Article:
NASA's Artemis 1 unmanned mission successfully launched on November 16, sending the Orion spacecraft to the moon. There are no astronauts aboard the ship - the next manned mission is scheduled only for 2025. But that doesn't mean the ship flew empty. There are some unexpected and interesting things on board.
Let's try to find out what exactly scientists sent to the moon - and, most importantly, why.
The virtual assistant Alexa from Amazon has been used on Earth for more than 10 years, controlling various devices such as speakers, phones, and home appliances. Based on it, they have created a virtual assistant Callisto, which will work in space.
According to space.com, Callisto was specifically created to work with Cisco Webex video conferencing software, integrating voice technology, video, and artificial intelligence aboard the Orion spacecraft. According to scientists, the technology could be used in the future by astronauts in deep space exploration.
Snoopy toy dog serves as an indicator of weightlessness on the Orion spacecraft.
Astronauts often take small toys with them on flights that tell them they are already weightless. There are no astronauts on this flight, but the doggy ended up in the capsule anyway.
The four LEGO minifigures aboard Orion depict NASA astronauts, while a team of six LEGO ground controllers supports the group in space.
The characters Kate and Kyle from LEGO Education's SPIKE Prime system and Julia and Sebastian from the LEGO City toy line are now flying to the moon. All four figures are featured in the Build to Launch: STEAM Exploration Series, which includes 10 weeks of digital content about space and science on the LEGO Education website.
Another toy passenger aboard is Shaun the Sheep. Exactly what role he performs on the ship is unknown.
The three dummies aboard the ship (more precisely, two regular dummies and one "moonikin") will show how dangerous it can be for astronauts to go beyond the Van Allen radiation belts, which protect the Earth's lower orbits from radiation.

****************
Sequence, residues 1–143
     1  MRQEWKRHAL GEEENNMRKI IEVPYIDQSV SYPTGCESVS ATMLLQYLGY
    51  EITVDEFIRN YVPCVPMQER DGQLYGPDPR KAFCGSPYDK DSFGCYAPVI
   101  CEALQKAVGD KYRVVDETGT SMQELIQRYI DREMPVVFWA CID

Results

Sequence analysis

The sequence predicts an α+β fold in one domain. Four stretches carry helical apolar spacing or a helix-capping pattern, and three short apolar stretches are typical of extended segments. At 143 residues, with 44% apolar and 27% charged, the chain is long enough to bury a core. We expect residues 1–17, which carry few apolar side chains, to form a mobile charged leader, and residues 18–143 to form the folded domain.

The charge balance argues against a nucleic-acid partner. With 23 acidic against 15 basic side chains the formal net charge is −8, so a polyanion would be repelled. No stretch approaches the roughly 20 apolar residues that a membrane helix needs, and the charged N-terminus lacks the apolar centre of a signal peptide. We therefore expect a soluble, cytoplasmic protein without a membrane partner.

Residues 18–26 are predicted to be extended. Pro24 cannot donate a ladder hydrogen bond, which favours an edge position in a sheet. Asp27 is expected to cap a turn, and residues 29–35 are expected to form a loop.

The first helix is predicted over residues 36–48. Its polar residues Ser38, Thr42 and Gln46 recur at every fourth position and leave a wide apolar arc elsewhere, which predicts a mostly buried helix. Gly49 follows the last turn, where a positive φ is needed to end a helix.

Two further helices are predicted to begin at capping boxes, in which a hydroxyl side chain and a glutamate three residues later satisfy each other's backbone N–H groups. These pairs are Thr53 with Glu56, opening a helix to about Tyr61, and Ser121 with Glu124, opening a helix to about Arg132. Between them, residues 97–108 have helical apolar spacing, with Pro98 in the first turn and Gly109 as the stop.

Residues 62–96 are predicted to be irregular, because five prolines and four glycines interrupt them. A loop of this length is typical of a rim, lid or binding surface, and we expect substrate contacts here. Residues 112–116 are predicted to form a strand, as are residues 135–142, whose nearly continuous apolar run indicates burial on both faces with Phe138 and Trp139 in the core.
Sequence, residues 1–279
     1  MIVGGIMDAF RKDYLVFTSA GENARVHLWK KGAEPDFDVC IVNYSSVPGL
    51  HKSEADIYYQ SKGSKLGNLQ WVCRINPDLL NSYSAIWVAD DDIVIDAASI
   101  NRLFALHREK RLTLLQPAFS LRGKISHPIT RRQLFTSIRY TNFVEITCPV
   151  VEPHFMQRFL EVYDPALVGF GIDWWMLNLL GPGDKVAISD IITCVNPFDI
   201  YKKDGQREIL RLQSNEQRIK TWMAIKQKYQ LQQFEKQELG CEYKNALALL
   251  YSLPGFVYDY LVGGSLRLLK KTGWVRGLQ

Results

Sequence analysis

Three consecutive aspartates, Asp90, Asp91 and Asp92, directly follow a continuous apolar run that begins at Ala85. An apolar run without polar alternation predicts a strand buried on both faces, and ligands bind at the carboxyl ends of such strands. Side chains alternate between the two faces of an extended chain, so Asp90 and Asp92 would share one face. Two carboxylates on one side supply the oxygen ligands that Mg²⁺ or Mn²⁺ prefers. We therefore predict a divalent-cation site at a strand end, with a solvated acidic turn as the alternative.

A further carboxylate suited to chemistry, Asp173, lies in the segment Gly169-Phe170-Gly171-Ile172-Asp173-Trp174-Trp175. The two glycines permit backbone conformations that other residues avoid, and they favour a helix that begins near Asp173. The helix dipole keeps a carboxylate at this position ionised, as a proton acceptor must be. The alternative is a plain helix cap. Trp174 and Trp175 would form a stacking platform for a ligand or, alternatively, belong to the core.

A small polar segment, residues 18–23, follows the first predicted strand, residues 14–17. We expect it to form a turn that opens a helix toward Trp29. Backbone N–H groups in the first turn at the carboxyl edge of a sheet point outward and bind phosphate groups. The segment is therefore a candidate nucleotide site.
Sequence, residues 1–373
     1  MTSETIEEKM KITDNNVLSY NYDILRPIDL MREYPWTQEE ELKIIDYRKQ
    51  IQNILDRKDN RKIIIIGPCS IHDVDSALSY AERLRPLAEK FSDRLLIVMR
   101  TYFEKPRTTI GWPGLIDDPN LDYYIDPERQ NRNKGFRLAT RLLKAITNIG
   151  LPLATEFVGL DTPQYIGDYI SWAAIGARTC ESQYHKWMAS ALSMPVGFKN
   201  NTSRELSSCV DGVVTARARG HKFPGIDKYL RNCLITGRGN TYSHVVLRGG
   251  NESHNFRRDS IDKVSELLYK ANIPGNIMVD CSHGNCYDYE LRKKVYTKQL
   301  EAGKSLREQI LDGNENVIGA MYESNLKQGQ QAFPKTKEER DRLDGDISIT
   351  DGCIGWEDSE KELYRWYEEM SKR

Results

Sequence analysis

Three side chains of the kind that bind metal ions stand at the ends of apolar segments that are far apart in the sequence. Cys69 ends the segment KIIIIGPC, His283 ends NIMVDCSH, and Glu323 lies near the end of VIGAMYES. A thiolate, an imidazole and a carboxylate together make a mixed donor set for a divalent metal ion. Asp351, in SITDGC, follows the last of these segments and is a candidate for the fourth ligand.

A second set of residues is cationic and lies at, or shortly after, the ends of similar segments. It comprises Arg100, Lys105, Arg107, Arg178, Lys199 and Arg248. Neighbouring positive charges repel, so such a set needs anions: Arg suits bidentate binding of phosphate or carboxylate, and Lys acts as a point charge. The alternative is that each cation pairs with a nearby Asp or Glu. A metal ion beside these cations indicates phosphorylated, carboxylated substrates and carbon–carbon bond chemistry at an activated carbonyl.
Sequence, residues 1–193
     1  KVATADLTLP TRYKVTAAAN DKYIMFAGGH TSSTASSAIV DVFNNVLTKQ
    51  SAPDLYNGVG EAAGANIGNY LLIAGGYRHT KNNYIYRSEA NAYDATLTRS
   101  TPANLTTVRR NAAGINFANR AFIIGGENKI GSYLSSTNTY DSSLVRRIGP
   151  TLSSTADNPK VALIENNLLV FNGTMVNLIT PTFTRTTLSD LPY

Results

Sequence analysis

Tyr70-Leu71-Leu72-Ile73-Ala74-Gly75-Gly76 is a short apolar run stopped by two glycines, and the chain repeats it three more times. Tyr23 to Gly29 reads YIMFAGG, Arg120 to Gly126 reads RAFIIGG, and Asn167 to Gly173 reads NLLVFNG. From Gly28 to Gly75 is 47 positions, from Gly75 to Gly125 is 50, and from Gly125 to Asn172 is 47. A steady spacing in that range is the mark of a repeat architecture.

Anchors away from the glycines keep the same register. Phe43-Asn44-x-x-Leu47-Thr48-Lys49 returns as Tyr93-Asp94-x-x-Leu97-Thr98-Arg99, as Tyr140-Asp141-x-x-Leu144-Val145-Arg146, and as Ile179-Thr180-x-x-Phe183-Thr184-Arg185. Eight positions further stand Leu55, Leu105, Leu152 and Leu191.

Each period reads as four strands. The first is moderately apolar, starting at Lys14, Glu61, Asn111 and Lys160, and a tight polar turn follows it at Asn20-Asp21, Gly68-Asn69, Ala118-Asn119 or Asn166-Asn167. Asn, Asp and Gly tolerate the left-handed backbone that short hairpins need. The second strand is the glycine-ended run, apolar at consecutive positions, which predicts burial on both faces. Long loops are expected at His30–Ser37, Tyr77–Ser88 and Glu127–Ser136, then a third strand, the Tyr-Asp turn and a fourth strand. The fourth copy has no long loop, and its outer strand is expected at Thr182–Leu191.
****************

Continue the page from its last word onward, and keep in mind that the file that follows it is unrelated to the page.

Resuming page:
Astronauts become vulnerable to cosmic rays from deep space when they reach high Earth orbit and beyond, but there is still not enough information about these risks.
All three dummies are equipped with 5,600 sensors to measure radiation, and one of them will wear an AstroRad radiation protection vest. The data obtained will help us understand how dangerous radiation is during flight and how much the vest protects against it.
Living organisms from Earth traveled in space aboard a cubesat called Biosentinel, which, along with nine other cubesat, was "packed" into the upper stage of the SLS.
The yeast cells will also help study the effects of radiation on living organisms and understand how to protect against negative effects.
The Lunar IceCube is a cubesat for finding water and other potential resources on the Moon. The more resources that can be found locally, the fewer astronauts will need to take with them on future missions.
A tiny moon lander module is the only part of the Artemis 1 manifest that will have to land on the surface of the Moon.
It is a small spacecraft weighing only 1 kg, designed to fly to the moon after disconnecting from the cubesat in lunar orbit.
Another cubesat, the NEA (Near-Earth Asteroid) Scout, will use a solar sail to travel to a target asteroid.
It faces a two-year mission during which it will photograph the asteroid with NEACam, a 20-megapixel image sensor, to learn more about the asteroid's rotation, shape, dust, and position in space.
These images will help future asteroid landing missions, and may also tell scientists more about how these space rocks formed and evolved.
The EQUilibriUm Lunar-Earth point 6U (Equuleus) spacecraft is designed to study radiation in orbit between Earth and the Moon.
The CubeSat has a new water propulsion system that minimizes conventional fuel consumption.
Mission leaders are collecting data on the plasmasphere, the inner region of the magnetosphere.
This area has 'cold' plasma, which refers to a gas with atoms devoid of electrons. This is a potentially useful radiation experiment that could also help in planning low-energy lunar missions in the future missions.